Ochmann, known as “Chema Venegas” in the popular Telemundo telenovelas El Chema and El Señor de los Cielos, recorded the 15-second video in Los Angeles. The video was released exclusively today by People en Español. Click here to view it.
“Hi, I’m Mauricio Ochmann, and I support Compassion & Choices’ death-with-dignity campaign because it’s my life, my death and my choice,” he states in the PSA.
The New York legislation would give mentally capable, terminally ill adults with six months or fewer to live the option to get a doctor’s prescription for medication they can decide to take to die peacefully if their suffering becomes unbearable. Medical aid in dying is currently authorized in six states: Oregon, Washington, Montana, Vermont, California and Colorado. In addition, Congress is reviewing a bill the D.C. Council approved to authorize this end-of-life care option.
“We are honored to have the support of Mauricio Ochmann because his endorsement carries great weight, especially among those in the Latino community,” said Patricia A. González-Portillo, Compassion & Choices’ national communications manager. “We hope ‘El Chema’s’ popularity among this important community will help convince people who are considering supporting medical aid-in-dying legislation.”
Miguel’s horrific suffering from terminal brain cancer prompted him to record videos in English and in Spanish to urge legislators across the country to pass medial aid-in-dying laws, including in his former home states of New York and Illinois, and native Puerto Rico. Miguel also recorded this this cell phone video on May 25, 2016, just 11 days before his agonizing death on June 5, 2016 (Spanish version of video).
Eight months have passed since Miguel, a Catholic, died at the young age of 35. But his death is already making a difference among the Latino community he fought for until his last breath.
In fact, 69% of Hispanics nationwide support medical aid in dying, according to a new survey conducted by LifeWay Research. Most religious group members who participated in the survey also said medical aid in dying is “morally acceptable,” including 70% of Catholics, 59% of all Christians, 53% of Protestants, 70% of people in other religions and 84% of those who identified as nonreligious.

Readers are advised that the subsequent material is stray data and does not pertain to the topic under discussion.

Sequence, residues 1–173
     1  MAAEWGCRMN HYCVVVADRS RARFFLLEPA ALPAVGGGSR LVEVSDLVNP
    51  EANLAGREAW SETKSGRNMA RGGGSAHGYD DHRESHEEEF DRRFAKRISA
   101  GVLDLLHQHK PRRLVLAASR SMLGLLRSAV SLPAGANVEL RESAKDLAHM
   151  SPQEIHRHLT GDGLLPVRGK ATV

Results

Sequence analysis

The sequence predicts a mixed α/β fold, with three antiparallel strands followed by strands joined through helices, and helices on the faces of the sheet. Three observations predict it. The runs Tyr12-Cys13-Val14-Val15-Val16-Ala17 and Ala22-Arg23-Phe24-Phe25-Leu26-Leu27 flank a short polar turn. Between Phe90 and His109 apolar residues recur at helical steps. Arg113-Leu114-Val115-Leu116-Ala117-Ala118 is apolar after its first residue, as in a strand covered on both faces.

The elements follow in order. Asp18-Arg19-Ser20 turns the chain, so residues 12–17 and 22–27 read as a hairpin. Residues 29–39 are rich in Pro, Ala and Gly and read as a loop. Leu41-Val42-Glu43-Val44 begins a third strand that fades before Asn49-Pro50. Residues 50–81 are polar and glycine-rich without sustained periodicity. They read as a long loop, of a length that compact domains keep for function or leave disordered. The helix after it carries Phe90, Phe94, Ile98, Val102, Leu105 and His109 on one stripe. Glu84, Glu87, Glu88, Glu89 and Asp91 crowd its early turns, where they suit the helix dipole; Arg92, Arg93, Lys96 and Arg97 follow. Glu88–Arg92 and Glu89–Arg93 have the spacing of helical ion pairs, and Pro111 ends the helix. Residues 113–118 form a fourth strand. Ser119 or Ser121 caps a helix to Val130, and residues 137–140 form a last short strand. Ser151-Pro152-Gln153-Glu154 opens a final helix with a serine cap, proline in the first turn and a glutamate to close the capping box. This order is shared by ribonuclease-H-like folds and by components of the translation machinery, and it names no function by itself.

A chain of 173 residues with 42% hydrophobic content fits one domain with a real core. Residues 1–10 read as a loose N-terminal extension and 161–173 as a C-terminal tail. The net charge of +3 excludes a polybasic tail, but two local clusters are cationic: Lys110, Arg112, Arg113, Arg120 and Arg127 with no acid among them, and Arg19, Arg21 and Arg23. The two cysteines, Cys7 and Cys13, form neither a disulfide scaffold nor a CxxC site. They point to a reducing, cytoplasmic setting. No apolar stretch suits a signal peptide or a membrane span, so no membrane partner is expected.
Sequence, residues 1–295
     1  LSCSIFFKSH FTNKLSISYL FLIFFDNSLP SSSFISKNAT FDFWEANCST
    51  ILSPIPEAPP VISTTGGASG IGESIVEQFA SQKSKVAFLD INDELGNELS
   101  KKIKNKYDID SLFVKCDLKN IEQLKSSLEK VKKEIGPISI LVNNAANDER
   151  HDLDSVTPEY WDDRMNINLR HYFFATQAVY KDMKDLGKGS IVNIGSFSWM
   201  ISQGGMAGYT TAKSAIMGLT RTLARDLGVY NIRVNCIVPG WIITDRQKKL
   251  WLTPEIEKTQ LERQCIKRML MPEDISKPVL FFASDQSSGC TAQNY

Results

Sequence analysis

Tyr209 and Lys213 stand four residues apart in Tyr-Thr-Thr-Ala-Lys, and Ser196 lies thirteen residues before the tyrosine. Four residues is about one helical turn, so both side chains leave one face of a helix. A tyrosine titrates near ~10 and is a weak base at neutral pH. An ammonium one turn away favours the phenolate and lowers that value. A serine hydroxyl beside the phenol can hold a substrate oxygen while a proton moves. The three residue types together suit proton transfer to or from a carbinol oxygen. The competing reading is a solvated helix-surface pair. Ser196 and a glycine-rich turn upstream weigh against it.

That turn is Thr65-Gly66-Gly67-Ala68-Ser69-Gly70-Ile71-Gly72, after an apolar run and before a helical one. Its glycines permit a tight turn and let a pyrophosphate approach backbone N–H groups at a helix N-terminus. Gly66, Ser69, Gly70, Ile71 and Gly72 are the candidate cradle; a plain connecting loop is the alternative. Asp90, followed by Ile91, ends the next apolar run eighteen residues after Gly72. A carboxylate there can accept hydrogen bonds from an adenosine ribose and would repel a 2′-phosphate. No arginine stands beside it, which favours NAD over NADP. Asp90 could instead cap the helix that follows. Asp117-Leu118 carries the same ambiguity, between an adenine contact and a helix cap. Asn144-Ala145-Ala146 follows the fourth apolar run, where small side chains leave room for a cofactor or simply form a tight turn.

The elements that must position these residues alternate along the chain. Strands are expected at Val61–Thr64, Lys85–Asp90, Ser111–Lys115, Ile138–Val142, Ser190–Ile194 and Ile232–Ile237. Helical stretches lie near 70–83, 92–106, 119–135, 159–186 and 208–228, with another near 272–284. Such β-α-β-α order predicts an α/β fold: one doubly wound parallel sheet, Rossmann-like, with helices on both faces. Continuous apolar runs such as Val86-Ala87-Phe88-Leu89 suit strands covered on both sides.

“As Latinos, we learn early on to accept death because of our culture’s reverence to celebrate the lives of our beloved dead,” Ochmann said. “However, we are afraid to talk about death itself,” he states in a separate interview. “We must honor our dying loved ones in their final days and give them the opportunity to control the timing and manner of their passing.”
“I know I am going to die because that is a guarantee in life. I don’t know when, but when that time comes, I have told my family and the people I love that I do not want to be connected to tubes, catheters and needles,” Ochmann added. “I will take the pain until it is intolerable. But once it becomes unbearable, I will die with dignity.”
Assistant Speaker Felix W. Ortiz referred to the bill as a “compassionate bill to ensure that we honor those who fought for legislation to expand end-of-life care options for terminally ill adults with appropriate protections to prevent any type abuse and misuse.”
“Medical aid in dying is an end-of-life option that is a matter of personal freedom and liberty,” he said. “We need to stop criminalizing medical aid in dying and honor the wishes of terminally ill individuals.”
The nation’s leading end-of-life choice advocacy organization, Compassion & Choices, warned that Senate confirmation of President Trump’s nominee to the U.S. Supreme Court, Judge Neil Gorsuch, could seriously weaken the right of individuals to make their own personal healthcare decisions.
Kevin Diaz, national director of legal advocacy for Compassion & Choices
Judge Gorsuch opposes medical aid in dying as an option for mentally capable, terminally ill adults to peacefully end unbearable suffering. He wrote “The Future of Assisted Suicide and Euthanasia (2006),” heralded as “the most comprehensive argument against their legalization – ever published.”